Lucky Bamboo

Lucky Bamboo

ORIGIN

Despite its name, Lucky Bamboo is actually not bamboo - it's a member of the genus Dracaena, specifically Dracaena braunii.

It's originally from tropical Africa and Southeast Asia, and is related more closely to succulents than bamboo.

'Real' bamboo is too large to grow indoors, so Lucky Bamboo, with its similar appearance, is a great alternative, especially as it is believed to bring you good luck!

Lucky bamboo watering 1

CARE

Lucky Bamboo makes a wonderful beginner plant, as it's more or less impossible to kill!

They can survive quite well in relatively low light conditions and don't like harsh, direct sunlight, as this can burn the leaves.

If yellow leaves occur: remove all yellow leaves / parts, repot it and make sure that everything is okay regarding light and watering.

You should pot them in a well-draining soil so that they won't become too wet, as they don't like to be waterlogged.

They can alternatively be grown directly in water as an ultra low-maintenance option. You just need to switch out the water for fresh, clean water every 2-4 weeks or so.

Lucky bamboo

OTHER

These plants grow quickly and can have decoratively curling stems which make for great display pieces.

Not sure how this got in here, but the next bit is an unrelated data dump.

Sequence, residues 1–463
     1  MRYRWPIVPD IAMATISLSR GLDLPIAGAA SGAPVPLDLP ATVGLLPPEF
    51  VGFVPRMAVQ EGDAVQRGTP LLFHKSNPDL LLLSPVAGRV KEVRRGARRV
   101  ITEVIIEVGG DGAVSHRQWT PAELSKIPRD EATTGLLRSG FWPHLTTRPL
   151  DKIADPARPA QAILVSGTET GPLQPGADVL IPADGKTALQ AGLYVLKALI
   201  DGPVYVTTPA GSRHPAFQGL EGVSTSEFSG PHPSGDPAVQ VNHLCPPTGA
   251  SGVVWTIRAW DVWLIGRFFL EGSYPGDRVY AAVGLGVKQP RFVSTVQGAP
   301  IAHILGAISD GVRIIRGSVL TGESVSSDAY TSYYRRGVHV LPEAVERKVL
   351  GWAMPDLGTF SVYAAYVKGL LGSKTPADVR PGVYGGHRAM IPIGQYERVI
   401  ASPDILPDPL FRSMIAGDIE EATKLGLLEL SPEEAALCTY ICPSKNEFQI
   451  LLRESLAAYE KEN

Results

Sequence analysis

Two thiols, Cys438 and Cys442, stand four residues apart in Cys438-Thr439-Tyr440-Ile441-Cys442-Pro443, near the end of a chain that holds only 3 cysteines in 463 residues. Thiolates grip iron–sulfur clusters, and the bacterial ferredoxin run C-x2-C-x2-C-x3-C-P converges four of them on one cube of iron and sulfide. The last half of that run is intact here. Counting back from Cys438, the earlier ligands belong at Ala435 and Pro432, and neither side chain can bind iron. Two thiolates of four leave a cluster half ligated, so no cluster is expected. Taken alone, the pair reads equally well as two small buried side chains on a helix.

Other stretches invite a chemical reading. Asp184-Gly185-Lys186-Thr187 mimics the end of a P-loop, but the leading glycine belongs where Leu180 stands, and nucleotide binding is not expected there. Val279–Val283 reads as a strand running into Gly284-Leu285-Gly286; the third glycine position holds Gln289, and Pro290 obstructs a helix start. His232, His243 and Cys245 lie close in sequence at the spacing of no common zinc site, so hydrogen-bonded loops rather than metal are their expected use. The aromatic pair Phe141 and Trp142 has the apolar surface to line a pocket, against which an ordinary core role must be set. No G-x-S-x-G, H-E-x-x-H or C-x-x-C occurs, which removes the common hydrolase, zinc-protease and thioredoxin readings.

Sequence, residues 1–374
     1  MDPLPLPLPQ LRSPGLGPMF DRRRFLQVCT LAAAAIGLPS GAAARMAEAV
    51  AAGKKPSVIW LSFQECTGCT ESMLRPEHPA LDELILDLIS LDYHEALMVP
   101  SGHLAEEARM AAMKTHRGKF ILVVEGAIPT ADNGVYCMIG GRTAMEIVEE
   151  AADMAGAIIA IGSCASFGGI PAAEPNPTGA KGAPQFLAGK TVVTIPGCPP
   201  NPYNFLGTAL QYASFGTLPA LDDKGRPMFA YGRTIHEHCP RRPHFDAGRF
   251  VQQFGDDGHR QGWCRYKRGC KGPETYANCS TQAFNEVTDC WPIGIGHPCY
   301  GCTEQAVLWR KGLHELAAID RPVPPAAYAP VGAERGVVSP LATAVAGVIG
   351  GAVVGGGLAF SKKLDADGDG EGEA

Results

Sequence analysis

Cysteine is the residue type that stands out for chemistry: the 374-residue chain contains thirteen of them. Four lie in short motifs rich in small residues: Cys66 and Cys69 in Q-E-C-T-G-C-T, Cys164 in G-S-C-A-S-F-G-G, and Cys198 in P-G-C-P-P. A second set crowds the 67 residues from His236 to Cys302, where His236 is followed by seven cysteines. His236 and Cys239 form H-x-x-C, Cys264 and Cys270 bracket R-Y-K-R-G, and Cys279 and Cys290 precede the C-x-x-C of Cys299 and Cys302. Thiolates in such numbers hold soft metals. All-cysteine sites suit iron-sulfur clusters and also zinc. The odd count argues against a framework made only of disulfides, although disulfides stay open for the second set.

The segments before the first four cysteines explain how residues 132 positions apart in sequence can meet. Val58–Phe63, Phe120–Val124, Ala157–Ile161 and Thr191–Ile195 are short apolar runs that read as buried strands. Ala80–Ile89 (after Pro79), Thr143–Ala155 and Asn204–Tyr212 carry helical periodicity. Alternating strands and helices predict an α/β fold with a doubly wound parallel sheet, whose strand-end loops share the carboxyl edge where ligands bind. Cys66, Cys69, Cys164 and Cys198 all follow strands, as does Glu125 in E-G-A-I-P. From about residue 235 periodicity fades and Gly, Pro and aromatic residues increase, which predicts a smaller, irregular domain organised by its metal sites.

In the practice of Feng Shui, it is thought that where you place your Lucky Bamboo can affect the way in which your luck is boosted. For instance, placing it near the entrance of your home is said to promote family harmony, whereas putting it on your desk can help with career progression.

It is also believed that the number of stalks your plant has can have different meanings. A singular stalk denotes a prosperous, strong life, 3 stalks bring wealth, happiness and longevity, 7 stalks helps with good health etc. However, beware that 4 stalks is actually thought to be unlucky and can bring negative energy!

HOW TO PROPAGATE YOUR LUCKY BAMBOO

As this plant grows so quickly and can form many separate stalks, they are very easy to propagate. You just need to take a cutting from a healthy mother plant.

The cutting should include a leaf joint (at least one, but if you can get more than one then this will increase the chances of your propagation being successful) and you should be able to see a growth node. Trim off any leaves from your cutting and then place it either in water or directly into potting soil.

If you start it off in water instead, it can be easier to keep track of whether the cutting is rooting successfully, as you should be able to see new growth of small reddish-colored roots that start to grow from the base of the cutting. Switch out the water every now and then for fresh, clean water. Then, once there are enough roots, you can transplant the cutting into soil and you'll have yourself a brand new baby plant!